Bobby Zarem: Showbiz publicist who turned people into stars

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With Iman at Peter Beard’s photo opening in New York, in 1975  (Getty)
With Iman at Peter Beard’s photo opening in New York, in 1975 (Getty)

Bobby Zarem, who has died of lung cancer aged 84, was once described as the original New York publicist. He put his success in promoting Hollywood stars and films down to a desire to be liked and respected.

“I felt that if I made the rest of the world accept Dustin Hoffman and Ann-Margret and Cher, and all these people, then I would be accepted,” he once said.

He reportedly rescued the 1977 film Saturday Night Fever, with music by the Bee Gees, from being rejected by Paramount Pictures. Paramount hired him as its publicist but, after viewing an early version of the movie and predicting it would be a flop, barred him from distributing stills to the media. He stormed the company’s offices, pushed the marketing director onto a sofa, and grabbed colour negatives, which he sent to major American publications.

The movie, produced by Robert Stigwood – the Bee Gees’ manager – was not only one of 1977’s biggest box-office successes worldwide, but also a cultural phenomenon in promoting the rise of disco music, and made John Travolta, dancing in his white suit, a household name.

Zarem also created another Hollywood legend when he saw the 1977 bodybuilding documentary Pumping Iron. Hired to promote it, he satisfied its star Arnold Schwarzenegger’s wish to meet Jacqueline Kennedy Onassis.

The photographs made Arnie a media sensation and, two decades later, Zarem helped to get the star’s Planet Hollywood restaurant franchise off the ground.

He was also involved in the “I Love New York” campaign that helped to restore the city’s reputation and bring back tourism in the 1970s, although his claim that he was the brains behind the slogan baffled some of those behind the initiative.

“The city was in great disrepair, tourists weren’t coming because the crime scene had been grossly exaggerated, and the city was slipping into the East River,” said Zarem. “I decided somebody had to do something.”

Other big names he handled included Michael Jackson, Diana Ross, Sophia Loren, Michael Douglas, Michael Caine, Alan Alda and Sylvester Stallone.

Robert Myron Zarem was born in Savannah, Georgia, in 1936, the youngest of three sons, to Rose (nee Gold), who played the piano, and Harry Zarem, owner of a wholesale shoe company.

When he was 13 and his father was diagnosed with lung cancer, he accompanied him on trips to New York for treatment, staying at the Waldorf Astoria hotel and becoming an avid autograph collector when he saw famous guests.

Zarem gained a degree in political science from Yale University, then worked for the United States Trust Company bank in New York, and served with the air national guard.

His baptism into show business came with five years at Columbia Artists Management, in charge of its account for Macy’s Theatre Club, which screened limited-release movies.

With Ian McKellen and Liam Neeson at the 13th annual Savannah Film Festival in 2010 (Shutterstock)
With Ian McKellen and Liam Neeson at the 13th annual Savannah Film Festival in 2010 (Shutterstock)

In 1968, he was hired as a PR agent by producer Joseph E Levine to promote that year’s historical epic The Lion in Winter with just a 17-minute clip. He invited friends, including a few journalists, to see it and, spurred on by his enthusiasm, the resulting publicity helped the film on its road to three Oscars.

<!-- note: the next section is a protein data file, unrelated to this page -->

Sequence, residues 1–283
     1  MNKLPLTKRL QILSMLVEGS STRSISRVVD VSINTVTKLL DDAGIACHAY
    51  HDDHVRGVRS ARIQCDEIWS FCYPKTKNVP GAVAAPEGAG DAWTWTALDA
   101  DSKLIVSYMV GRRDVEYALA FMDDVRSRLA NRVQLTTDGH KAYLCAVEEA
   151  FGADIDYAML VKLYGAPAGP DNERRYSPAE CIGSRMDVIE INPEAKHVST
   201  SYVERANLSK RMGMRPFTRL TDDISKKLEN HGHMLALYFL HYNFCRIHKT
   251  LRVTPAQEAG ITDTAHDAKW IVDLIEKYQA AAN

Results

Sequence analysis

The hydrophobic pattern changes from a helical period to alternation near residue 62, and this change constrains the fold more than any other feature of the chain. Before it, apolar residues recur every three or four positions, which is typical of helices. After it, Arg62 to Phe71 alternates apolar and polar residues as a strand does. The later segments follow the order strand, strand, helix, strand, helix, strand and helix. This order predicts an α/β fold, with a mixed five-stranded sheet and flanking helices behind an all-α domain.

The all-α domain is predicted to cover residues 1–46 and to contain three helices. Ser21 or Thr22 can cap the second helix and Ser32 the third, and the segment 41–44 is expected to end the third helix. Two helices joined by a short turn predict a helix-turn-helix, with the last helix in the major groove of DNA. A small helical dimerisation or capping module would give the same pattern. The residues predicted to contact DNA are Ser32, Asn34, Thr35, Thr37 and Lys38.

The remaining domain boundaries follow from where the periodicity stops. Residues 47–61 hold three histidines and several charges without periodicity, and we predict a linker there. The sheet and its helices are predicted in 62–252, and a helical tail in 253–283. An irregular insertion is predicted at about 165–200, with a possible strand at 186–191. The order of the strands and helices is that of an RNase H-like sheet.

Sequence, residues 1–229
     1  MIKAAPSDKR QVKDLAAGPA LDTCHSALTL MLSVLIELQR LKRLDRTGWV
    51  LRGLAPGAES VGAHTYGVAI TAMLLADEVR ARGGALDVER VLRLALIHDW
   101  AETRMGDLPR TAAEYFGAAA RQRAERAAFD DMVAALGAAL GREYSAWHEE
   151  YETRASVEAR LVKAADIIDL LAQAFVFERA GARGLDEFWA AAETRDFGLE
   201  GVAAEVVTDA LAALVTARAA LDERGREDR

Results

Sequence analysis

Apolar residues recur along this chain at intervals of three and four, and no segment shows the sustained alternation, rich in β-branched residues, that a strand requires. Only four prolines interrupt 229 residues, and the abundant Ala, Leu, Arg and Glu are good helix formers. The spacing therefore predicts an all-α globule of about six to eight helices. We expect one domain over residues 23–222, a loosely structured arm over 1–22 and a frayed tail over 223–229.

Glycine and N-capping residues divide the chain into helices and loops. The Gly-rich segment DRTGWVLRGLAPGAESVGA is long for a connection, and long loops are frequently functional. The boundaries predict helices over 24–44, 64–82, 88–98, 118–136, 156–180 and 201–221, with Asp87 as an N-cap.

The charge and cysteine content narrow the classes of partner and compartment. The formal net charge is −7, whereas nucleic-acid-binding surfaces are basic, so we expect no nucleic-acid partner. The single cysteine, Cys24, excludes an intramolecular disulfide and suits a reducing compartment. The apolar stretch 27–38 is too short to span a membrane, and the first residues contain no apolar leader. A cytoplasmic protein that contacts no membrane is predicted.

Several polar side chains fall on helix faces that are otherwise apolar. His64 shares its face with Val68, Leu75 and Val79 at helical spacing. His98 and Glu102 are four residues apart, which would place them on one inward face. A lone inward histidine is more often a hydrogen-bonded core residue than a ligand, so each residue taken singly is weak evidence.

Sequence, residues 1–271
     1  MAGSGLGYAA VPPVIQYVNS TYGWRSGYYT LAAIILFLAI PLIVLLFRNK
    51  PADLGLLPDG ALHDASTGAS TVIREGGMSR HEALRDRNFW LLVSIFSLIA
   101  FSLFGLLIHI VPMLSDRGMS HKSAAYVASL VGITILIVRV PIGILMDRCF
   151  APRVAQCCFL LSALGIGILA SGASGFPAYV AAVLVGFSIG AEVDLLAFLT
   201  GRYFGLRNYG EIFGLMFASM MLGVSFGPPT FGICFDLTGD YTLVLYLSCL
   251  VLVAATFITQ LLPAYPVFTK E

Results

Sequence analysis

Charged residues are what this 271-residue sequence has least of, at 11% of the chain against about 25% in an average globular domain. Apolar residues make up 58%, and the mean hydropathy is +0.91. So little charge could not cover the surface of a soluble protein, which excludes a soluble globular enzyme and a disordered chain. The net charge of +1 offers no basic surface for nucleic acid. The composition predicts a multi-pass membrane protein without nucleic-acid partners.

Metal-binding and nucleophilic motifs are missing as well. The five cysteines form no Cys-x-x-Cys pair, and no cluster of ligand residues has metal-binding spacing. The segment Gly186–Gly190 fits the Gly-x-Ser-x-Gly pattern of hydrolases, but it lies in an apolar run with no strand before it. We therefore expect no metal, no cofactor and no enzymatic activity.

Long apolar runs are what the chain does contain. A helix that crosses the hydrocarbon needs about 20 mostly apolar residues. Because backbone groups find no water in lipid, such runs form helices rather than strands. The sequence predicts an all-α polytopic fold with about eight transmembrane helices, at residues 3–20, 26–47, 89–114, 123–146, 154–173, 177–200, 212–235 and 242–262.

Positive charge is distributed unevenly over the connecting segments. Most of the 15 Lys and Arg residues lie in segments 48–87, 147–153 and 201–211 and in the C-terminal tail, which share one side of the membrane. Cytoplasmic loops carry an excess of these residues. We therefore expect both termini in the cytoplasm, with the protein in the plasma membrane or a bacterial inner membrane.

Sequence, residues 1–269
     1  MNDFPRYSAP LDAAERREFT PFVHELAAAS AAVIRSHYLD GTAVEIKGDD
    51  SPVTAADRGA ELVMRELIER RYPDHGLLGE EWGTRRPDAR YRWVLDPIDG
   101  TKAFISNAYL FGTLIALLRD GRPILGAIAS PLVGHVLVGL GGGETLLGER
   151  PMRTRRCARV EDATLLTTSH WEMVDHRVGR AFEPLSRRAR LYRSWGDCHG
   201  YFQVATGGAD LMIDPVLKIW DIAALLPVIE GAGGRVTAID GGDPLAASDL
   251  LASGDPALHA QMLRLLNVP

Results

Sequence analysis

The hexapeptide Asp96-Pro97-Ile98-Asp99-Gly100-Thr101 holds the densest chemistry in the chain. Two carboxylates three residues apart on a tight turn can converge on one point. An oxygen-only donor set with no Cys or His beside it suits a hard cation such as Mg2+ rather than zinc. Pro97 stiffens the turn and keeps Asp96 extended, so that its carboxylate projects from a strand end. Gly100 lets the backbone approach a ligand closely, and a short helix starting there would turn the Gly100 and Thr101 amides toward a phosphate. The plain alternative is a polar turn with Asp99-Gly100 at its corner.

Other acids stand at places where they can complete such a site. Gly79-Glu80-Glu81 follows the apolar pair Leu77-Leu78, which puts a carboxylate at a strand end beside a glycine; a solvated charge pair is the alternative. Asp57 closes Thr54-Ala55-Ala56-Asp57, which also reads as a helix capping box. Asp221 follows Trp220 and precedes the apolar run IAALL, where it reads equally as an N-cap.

The following year, he joined PR agency Rogers & Cowan, publicising the Jackson 5, Ann-Margret and Dustin Hoffman.

He set up his own company, Zarem Inc, in 1974. One of the clients he took with him was Stigwood; he promoted the impresario’s film Tommy the following year.

The black-tie party that he organised after its New York premiere – on the mezzanine of a new underground station, where 600 guests dined and danced – made a dramatic impact that sent the picture on its way to a place in the history of rock music on screen.

Tommy was also one of the first films to be launched with a merchandising campaign in cinemas, featuring badges, T-shirts and stickers for sale.

Then, one night in 1979, when Zarem was at Elaine’s, his favourite New York restauraunt, Michael Caine and his wife, Shakira, walked in with actor Mia Farrow. Zarem made a point of taking her over to meet Woody Allen, and the couple were married the following year.

Among other films that Zarem promoted were The China Syndrome (1979), Rambo (1982), Dances with Wolves (1990) and Shakespeare in Love (1998).

Along the way, his own volatile temper sometimes clashed with stars’ egos, and there were feuds with gossip columnists. One of his staff claimed he threw a typewriter at her when she took a message down incorrectly.

Zarem was the real-life basis for the ruthless PR agent played by Al Pacino in the 2003 film People I Know. It was noted that, although he denied any resemblance between himself and the character, in doing so he succeeded in getting both his and Pacino’s names back in the press.

Away from the glitzy world of showbusiness, the lifelong Democratic Party supporter contributed to the presidential campaigns of Jimmy Carter and Bill Clinton.

In 1998, a year after its launch, he took over publicity for the Savannah Film Festival back in his home town, regularly bringing big names to an event designed to nurture young talent.

Zarem said his busy schedule never left him time for marriage. “When you work until 3am and you’re up at 8 and at the office at 9.30 or 10, you don’t have too much time for personal relationships,” he explained.

His brothers predeceased him, Danny in 2013 and Harvey in 2015.

Bobby Zarem, publicist, born 30 September 1936, died 26 September 2021

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